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Finding the Inner Kora

By David DeFranza

February 6, 2009

Tibetan Buddhists believe that Milarepa, one of Tibet's most famous poets and Buddhist teachers, traveled to Mount Kailash to challenge Naro Bön-chung, a powerful leader of the Bön faith. It is said that the two fought a battle of sorcery, terrible to behold. It lasted for days but no clear winner emerged. Frustrated by the stalemate, the two agreed that they would race to the summit of Mount Kailash. The winner would gain dominance of Tibet.

Today, hundreds of pilgrims travel to Mount Kailash, the site of this legendary race. Some walk so quickly they complete a single loop, 32 miles, in under a day. Others prostrate themselves after each step, extending their trip around the mountain for a week or more. Many pilgrims come with the intention of dying in the process, while others strive to complete 13 greater kora, or circumambulations, so they can attempt a single inner kora.

Of course, many people who are not Buddhist, Hindu, Bön, or Jain come to Darchen, the dusty hamlet at the base of the mountain, with the intention of walking a circle with the religious pilgrims. I was one of them, but I did not complete a circuit around Kailash.

The race began and Naro Bön-chung took off, riding atop a magic drum. As he sped towards the summit, Milarepa sat in meditation at the mountain's base. Milarepa's followers, the minority in Tibet at that time, became nervous and begged him to begin moving. In response, he simply sat, silent and motionless.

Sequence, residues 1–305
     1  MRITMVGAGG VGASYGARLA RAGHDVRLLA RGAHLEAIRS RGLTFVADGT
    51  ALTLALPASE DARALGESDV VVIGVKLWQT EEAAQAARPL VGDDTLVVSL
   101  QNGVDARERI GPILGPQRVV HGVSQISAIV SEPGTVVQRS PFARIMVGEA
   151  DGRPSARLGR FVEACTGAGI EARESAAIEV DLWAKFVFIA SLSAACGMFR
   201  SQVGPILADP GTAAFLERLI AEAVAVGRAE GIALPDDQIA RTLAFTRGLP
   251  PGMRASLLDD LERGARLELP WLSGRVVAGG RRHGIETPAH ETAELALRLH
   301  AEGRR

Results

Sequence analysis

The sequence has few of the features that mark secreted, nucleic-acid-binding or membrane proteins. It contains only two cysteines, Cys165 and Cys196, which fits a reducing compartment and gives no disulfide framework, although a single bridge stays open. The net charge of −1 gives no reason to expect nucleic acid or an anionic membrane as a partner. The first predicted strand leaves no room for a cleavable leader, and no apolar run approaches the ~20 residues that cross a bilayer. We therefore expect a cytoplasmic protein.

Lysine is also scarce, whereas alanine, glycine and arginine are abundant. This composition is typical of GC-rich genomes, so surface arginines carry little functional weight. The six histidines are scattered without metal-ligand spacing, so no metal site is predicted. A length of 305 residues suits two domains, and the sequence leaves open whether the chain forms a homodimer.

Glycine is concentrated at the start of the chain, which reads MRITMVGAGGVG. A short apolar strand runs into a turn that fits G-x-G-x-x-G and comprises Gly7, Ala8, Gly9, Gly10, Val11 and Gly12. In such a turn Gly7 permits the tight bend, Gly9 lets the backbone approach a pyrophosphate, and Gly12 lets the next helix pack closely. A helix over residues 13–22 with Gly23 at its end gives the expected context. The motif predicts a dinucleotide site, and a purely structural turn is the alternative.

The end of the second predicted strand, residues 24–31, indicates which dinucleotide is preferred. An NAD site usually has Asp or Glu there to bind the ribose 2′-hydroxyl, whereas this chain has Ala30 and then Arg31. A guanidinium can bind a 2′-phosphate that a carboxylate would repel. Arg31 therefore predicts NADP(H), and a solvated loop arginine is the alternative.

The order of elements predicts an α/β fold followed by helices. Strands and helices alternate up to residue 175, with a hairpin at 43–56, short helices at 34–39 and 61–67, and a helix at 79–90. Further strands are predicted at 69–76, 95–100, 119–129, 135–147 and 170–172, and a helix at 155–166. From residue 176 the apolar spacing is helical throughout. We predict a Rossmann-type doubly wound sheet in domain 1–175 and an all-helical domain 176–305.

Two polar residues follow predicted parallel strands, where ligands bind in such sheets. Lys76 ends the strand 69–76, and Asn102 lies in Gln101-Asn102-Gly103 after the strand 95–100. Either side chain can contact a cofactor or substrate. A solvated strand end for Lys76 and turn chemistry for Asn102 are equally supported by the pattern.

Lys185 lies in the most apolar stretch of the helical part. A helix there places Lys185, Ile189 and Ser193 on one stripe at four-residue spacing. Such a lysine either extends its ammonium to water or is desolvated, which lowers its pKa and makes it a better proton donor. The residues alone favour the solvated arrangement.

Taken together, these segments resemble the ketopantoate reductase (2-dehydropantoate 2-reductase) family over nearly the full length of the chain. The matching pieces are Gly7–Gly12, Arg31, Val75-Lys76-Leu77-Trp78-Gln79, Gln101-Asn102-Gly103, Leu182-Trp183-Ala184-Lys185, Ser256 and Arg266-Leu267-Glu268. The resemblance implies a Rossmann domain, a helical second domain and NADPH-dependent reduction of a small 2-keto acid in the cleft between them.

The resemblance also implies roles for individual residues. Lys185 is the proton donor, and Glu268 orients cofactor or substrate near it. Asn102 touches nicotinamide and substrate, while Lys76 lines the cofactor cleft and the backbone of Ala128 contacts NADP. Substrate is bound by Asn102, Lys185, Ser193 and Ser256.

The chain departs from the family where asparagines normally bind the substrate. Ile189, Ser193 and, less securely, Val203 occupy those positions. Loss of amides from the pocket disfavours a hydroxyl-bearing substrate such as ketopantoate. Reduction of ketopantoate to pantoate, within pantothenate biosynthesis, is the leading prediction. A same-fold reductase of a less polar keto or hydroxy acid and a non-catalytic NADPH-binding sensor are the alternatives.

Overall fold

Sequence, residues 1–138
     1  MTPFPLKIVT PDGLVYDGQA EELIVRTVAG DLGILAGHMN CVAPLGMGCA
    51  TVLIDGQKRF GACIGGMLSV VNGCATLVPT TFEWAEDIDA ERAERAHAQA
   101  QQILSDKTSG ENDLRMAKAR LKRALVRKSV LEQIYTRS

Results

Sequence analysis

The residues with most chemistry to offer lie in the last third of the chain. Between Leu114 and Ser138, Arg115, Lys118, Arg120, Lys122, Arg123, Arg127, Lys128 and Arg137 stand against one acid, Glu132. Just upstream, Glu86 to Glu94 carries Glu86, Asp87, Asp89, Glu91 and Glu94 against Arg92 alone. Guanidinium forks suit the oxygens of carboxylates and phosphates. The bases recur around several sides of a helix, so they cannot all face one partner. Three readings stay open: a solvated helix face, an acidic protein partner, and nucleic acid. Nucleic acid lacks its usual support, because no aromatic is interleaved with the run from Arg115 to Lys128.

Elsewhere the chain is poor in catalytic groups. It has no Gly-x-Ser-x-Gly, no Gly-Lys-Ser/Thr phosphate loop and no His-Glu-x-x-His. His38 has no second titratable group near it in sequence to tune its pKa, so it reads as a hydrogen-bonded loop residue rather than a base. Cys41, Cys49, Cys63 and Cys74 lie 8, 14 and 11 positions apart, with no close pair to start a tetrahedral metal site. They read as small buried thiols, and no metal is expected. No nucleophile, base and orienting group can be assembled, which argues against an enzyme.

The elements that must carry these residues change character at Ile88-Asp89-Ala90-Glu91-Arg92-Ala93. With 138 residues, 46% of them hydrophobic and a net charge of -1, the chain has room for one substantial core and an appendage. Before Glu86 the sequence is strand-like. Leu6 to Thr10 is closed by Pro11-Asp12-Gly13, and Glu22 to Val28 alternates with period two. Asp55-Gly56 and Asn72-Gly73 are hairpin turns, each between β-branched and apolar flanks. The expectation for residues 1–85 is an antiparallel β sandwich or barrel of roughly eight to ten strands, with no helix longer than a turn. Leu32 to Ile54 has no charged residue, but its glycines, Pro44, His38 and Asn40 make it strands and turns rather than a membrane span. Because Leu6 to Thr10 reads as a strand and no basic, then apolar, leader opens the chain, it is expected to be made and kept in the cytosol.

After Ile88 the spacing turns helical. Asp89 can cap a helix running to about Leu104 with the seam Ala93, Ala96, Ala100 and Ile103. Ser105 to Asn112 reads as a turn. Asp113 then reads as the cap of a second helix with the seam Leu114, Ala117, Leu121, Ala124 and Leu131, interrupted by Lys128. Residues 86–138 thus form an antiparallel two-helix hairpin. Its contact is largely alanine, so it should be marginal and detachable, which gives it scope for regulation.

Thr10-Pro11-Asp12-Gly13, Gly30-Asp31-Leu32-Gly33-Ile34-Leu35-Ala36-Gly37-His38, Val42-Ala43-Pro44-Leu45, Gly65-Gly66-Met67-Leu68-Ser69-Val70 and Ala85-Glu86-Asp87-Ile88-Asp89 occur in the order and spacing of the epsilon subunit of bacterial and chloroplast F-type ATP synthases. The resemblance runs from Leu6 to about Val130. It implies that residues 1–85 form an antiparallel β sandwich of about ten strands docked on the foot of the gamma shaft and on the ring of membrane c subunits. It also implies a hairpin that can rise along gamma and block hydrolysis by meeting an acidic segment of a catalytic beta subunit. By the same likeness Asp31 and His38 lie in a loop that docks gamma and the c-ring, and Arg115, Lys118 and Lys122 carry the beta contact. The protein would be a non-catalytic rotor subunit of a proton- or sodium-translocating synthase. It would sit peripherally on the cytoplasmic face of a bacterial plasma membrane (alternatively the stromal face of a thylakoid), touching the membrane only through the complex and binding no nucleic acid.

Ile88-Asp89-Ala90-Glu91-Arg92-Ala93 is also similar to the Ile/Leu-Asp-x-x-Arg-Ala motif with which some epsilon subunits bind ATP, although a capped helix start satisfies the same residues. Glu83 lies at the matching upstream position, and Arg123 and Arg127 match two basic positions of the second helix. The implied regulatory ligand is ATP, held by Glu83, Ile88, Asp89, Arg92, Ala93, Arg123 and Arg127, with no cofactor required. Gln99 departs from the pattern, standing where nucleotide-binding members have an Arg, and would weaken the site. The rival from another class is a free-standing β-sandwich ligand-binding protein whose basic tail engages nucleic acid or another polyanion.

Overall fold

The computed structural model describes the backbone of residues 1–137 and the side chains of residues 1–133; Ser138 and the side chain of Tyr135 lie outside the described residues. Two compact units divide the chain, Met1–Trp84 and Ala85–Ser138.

Days of food poisoning had left me weak and bedridden in Darchen. I had come nearly a thousand miles across western Tibet with the intent of walking a kora, maybe two, but it had become a challenge simply trekking to the latrine outside.

So, instead of walking around Kailash, I sat in a toasty guest house, talking with the few pilgrims returning in the month before winter. They told me that the snow was getting deeper, knee high in places, and that the nights between the passes were bitterly cold. Some wore leathery boots lined in fur, common among Tibetans, while others wore tattered old running shoes, or worn, canvas, slippers.

Every morning, after a cup of yak butter tea, I stepped out of the warm, spruce-scented, guest house and looked up towards the mountain. I longed to be on that trail, yet I knew it could not happen.

The race continued and now Naro Bön-chung was more than halfway to the summit. His drum was moving at an unwavering speed and it was clear that in a few moments he would win the race and reassert his dominance over Tibet. Milarepa's followers had become distraught and anxious. They shouted at him to begin moving and pleaded with him to have mercy. Milarepa sat in silence, seemingly oblivious to their cries or to his opponent's near victory.

One night a young Japanese man returned. He was thin and looked weary from the cold and wind. He told me, in a mix of Japanese, English, and Mandarin, that he had just completed his thirteenth kora; that in the morning he would set off for his fourteenth. I was jealous. He had accomplished more than I had even dreamed of. Still, his achievement was undeniably impressive. We shared a pot of yak butter tea and then another before noticing the candles in the guest house had burned out.

In the morning he walked west, towards the mountain, and I walked east.

By now, Naro Bön-chung had nearly stepped on the summit. Suddenly, Milarepa arose from his meditation. Taking immediate action, he hopped upon a passing ray of light. Within an instant he had overtaken Naro Bön-chung and was standing victoriously on top of Mount Kailash.

A half hour on wobbly legs took me from Darchen to the main road. Soon, I had flagged down a passing jeep headed towards Lhasa and my eastward journey continued. As we rattled down the unpaved road, Kailash shrunk below the horizon behind me. I rubbed my tired legs, looked forward, and realized: I had just completed my own inner kora.

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